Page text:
I presume you are not planning to make hundreds of devices so that the cost saving might be significant. And if I was I think I would go for one of surface mount 328 variants - they are very small, if size is what matters.

...R

There isn't much space which is what lead me to think of down sizing. The surface mount package was my original plan however then the sketch can't be altered easily. Speaking of which, I'm guessing a breakout board is required to program the SMD version of the 328. Is that correct?

It would be a real pain to have to physically change a chip for a minor code change. Do most people design the PCB's to allow on board programming then?.

OK. Looking at a Breadboard Arduino schematic and there really isn't much to it. I should be able to incorporate this into my existing project by soldering a surface mount 328P to the board with the associated crystal, load caps etc and just upload straight to the chip that way via a 6 pin header

I'll need a surface mount chip with the boot loader on it I realize and an FTDI cable. If I'm reading this correctly I should then be able to simply connect my board directly to the IDE via the FTDI and upload at will.

Any reason that won't work? Almost sounds to simple.

CopperDog: The surface mount package was my original plan however then the sketch can't be altered easily.

Why do you think this? For the most part, just route the TX/RX pins (plus a couple others, IIRC) to a header - and use a USB to FTDI serial cable (or similar).

Ideally, for a finished product (if it isn't meant to be user altered/upgraded) - you'd just provide a couple of pads instead of a header, and then have a pogo pin jig or something similar to make contact with the pads.

I see I came to the same conclusion just before you posted cr0sh. Thanks for the input. This is exactly what I’m going to do.

It’s my first project incorporating an MCU. Am I correct in saying I need a boot loaded chip?

If so do you have any suggestions on where to obtain a boot loaded 328P in surface mount? Adafruit only seems to carry the DIP versions

CopperDog: If so do you have any suggestions on where to obtain a boot loaded 328P in surface mount? Adafruit only seems to carry the DIP versions

You can load the bootloader to a surface mount chip using an Uno just as you can with a DIP version. I used this tutorial.

...R

If you have the ICSP pins available (ie. nothing else dragging them down) then you don't need a bootloader on the chip. Just an ICSP programmer, which can be a UNO.

MorganS: If you have the ICSP pins available (ie. nothing else dragging them down) then you don't need a bootloader on the chip. Just an ICSP programmer, which can be a UNO.

I didn't see this last post until today. Isn't the bootloader required to be on the chip to interpret the uploaded sketch from the IDE? I'm partway through my board design and need to sort this out before going further.

It's my understanding that if I place ICSP and FTDI headers on the board I can hook stright to the chip using an AVR USB programmer. That would let me burn any bootloader or upload any program to the chip. For example, if I want to switch the chip over to a BASCOM designed program from the Arduino sketch currently on it I coud do it in the field. Having the headers would also let me put a bare SMD chip on the board, hook up an ISP to the ICSP header, burn the bootloader, hook up the FTDI and upload the sketch I have ready to go into my little TQFN 328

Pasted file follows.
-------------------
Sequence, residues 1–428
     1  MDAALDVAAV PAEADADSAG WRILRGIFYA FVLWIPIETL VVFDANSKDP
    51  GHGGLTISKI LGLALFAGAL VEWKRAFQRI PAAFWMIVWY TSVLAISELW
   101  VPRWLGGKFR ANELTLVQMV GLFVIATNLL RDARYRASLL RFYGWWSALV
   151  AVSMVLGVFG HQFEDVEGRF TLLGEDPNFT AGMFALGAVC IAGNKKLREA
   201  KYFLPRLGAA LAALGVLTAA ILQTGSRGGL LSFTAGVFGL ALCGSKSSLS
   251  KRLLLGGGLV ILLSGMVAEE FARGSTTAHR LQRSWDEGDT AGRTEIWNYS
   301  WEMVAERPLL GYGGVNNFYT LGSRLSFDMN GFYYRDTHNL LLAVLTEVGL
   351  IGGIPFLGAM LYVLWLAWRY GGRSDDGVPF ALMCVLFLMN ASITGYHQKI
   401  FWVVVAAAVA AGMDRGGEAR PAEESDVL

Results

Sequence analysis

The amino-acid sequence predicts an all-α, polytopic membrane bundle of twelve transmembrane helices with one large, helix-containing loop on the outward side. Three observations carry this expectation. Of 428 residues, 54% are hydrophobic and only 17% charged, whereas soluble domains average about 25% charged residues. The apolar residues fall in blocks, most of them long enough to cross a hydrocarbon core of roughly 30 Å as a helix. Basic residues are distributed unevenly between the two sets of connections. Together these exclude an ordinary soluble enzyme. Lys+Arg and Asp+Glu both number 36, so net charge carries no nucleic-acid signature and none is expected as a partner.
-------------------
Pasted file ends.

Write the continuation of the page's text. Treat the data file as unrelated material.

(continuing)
Am I wrong here?

Maybe I've been reading to many different articles. I thought I had this.

If I put an ICSP header on the board do I need the FTDI header?

Will the ICSP hookup let me write everything I need to a bare chip using an AVR USB programmer and any IDE supported by the programmer?

The bootloader receives the compiled sketch and loads it into memory. After a reset, the bootloader checks to see if another upload is being started from the PC, and if not it kicks off the sketch.

If the compiled sketch is loaded directly into memory by a programmer, the bootloader area is overwritten and the sketch starts immediately after the reset. Burning the bootloader first will set the fuses for correct operation (say 16 MHz external oscillator) is a 1-time operation, then the sketch can be uploaded via programmer. Forgetting to set the fuses can result in a slow running program (8 MHz internal oscillator with system clock divided by 8, so 1 MHz system clock speed vs 16 MHz).

I put both headers on my boards for max flexibility later on.

Excellent. That was my plan. I'll carry on thank you for the help.

Why downsize to another chip? Is it for cost (mass production?), power, size or what?

When I get an entire Pro Mini board (168) for 4$, that's cheaper than any homebrew solution with a more crippled chip. And it fits most stand-alone applications. For programming I've wired an IC adapter, replacing the MPU on my UNO board, and connect it to the Mini board for development and tests.

Mostly for size. This chip will be used in a communications device to provide audible alerts to the user. The alerts will be mixed with regular audio traffic. The whole board is about the size of a 9 volt and is nearly all SMD. There isn't much room if I want to use the same enclosure.

I also have plans for future projects that are size limited.